A daring plan to save lots of the planet turns carbon dioxide into stone


The drained, crumbling peaks of the Al Hajar Mountains are slowly decomposing like a slab of rotten meat. Refined indicators of decay are throughout. Flammable hydrogen gasoline typically bubbles from groundwater. Water from pure springs is commonly saturated with minerals. This water leaves a carpet of frosty white crystals because it flows over the bottom. Only some forms of vegetation can develop in such alien soils.

Right here, within the desert nation of Oman, east of Saudi Arabia, the mountains comprise unique minerals that don’t usually exist at Earth’s floor. They fashioned dozens of kilometers (miles) under — deeper than people have ever delved searching for oil or gold. Now uncovered to air and water on Earth’s floor, these minerals show chemically unstable.

When rain falls, it trickles into cracks within the rock, carrying gases from the air. The water and gases react with the rock to kind new, colourful minerals. These jagged veins of black, white and blue-green stone push ever deeper into the bedrock. Like sluggish however highly effective fingers, the minerals widen the cracks, prying the rock aside.

a photo of a white waterfall overflowing from a blue spring
At these alkaline springs in Oman, water emerges from the bottom saturated with dissolved calcium. The calcium rapidly reacts with CO2 within the air, forming movies of calcium carbonate (calcite) that may seem inside 24 hours. The water leaves a frosty coating of calcite crystals because it flows over the rock.D. Fox

Peter Kelemen believes that these decomposing rocks might assist people remedy an essential drawback: local weather change.

Kelemen is a geologist on the Lamont-Doherty Earth Observatory in Palisades, N.Y. The white carbonate veins, he notes, fashioned as carbon dioxide (CO2) in rainwater latched onto magnesium and calcium atoms within the rocks. In different phrases, these new minerals entice the identical gasoline that people launch after they burn fossil fuels. It’s the identical greenhouse gasoline that’s warming our planet.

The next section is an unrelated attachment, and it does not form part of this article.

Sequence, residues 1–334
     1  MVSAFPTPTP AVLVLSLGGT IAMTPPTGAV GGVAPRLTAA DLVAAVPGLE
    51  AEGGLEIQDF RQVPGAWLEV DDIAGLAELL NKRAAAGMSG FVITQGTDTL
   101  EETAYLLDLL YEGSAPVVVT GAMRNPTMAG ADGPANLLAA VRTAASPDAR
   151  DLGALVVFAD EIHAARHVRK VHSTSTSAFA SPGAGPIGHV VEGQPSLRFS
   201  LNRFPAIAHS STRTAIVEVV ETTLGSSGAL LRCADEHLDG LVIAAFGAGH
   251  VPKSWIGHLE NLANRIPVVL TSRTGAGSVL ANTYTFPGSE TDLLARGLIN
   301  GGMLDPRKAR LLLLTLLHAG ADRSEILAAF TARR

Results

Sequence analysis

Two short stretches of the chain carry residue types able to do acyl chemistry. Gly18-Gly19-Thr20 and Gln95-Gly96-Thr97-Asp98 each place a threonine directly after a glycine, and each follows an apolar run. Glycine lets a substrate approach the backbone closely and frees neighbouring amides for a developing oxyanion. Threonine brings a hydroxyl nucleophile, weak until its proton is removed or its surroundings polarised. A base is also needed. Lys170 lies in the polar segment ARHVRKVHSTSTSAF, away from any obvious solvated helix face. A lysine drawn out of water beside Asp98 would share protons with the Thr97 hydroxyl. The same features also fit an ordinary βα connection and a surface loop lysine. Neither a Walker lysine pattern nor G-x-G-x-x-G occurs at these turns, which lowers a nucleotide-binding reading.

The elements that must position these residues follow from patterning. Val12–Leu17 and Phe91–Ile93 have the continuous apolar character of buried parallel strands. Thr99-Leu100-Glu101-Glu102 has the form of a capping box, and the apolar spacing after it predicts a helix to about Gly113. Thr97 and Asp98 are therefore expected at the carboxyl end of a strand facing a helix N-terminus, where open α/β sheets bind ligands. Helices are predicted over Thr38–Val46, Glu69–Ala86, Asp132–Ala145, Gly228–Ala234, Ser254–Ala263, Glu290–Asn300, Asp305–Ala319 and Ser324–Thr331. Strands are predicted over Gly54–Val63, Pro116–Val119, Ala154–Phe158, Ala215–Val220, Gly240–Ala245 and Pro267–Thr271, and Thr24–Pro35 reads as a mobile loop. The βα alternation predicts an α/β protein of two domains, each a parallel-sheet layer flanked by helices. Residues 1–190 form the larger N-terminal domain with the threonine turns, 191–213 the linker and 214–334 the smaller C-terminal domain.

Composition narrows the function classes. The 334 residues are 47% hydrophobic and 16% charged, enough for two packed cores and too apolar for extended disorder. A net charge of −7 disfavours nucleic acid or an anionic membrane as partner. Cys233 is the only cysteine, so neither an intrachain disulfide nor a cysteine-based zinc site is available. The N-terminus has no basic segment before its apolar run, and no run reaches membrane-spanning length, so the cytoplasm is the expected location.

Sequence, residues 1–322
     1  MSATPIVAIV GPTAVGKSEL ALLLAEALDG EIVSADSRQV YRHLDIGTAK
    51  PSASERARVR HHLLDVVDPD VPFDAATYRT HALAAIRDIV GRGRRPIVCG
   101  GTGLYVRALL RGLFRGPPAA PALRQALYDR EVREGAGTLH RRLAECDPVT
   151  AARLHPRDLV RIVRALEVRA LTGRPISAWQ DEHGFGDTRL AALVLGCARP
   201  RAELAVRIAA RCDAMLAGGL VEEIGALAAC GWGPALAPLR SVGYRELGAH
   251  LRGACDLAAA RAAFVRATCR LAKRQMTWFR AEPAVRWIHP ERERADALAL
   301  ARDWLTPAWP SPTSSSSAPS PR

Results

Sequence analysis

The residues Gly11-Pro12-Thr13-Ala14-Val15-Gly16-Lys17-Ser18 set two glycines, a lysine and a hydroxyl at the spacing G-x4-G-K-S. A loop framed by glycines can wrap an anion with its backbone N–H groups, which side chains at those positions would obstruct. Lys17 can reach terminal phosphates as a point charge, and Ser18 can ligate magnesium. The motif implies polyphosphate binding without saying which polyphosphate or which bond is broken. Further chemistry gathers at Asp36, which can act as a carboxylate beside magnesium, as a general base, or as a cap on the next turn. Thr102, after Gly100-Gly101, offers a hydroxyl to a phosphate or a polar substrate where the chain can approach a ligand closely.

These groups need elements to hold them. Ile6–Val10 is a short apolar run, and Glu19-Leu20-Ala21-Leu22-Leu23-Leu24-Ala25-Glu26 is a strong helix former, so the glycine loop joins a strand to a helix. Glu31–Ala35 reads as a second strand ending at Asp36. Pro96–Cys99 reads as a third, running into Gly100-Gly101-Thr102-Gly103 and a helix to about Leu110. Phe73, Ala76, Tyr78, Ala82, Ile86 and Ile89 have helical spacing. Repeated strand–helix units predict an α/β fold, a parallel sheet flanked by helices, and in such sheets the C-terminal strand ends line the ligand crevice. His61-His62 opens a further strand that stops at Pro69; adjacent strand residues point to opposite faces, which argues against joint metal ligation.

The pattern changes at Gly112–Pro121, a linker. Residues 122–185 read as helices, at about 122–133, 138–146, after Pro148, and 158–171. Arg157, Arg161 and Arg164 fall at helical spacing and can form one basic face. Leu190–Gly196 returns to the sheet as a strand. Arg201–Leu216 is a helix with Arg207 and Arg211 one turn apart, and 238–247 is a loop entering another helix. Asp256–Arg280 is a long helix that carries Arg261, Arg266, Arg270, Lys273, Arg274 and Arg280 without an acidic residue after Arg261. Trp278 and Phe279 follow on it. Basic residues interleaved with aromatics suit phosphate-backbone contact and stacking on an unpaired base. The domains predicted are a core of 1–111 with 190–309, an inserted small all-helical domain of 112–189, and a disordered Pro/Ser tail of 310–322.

These uncommon rocks are unfold throughout an space of Oman concerning the dimension of Maryland. They’re naturally petrifying 50,000 to 100,000 tons of CO2 per yr, Kelemen believes. That’s puny in comparison with the 30 billion tons of CO2 that people launch annually. However Kelemen and his colleagues imagine these rocks might sooner or later solidify as much as a billion tons of CO2 per yr. Different rock formations scattered world wide might seize one other 10 billion to twenty billion tons of CO2 annually. ”You’re one thing that might probably have an effect on the human international carbon price range,” he informed me one afternoon in Oman. 

a natural spring showing stairstep terrace pools
At these pure springs in Oman, water emerges from the bottom saturated with dissolved calcium. It rapidly reacts with CO2 within the air to kind calcium carbonate (calcite). Over lengthy intervals of time, the mineral builds up into stunning stairstep terraces, referred to as travertine.D. Fox

Kelemen and his collaborator, Juerg Matter, have been engaged on this concept for almost 20 years. Matter is a geochemist on the College of Southampton in England. After I visited them in Oman in 2018, their crew was busy drilling a number of holes into the rock. They deliberate to drag up stone from as deep as 400 meters (1,300 toes) underground. These cores would assist them higher perceive a pure course of that they hope to hurry up.

Destructive emissions

Eradicating CO2 from the air as soon as appeared outlandish. Within the final 20 years, nevertheless, it has gained momentum because the urgency of local weather change has develop into clearer.

Many scientists now imagine individuals won’t cut back releases of greenhouse gases rapidly sufficient to stop Earth from warming greater than 1.5 levels Celsius (2.7 levels Fahrenheit). It’s thought that this warming restrict would avert probably the most harmful results of local weather change. These results embody runaway sea stage rise, the lack of the Amazon rainforest and frequent catastrophic storms.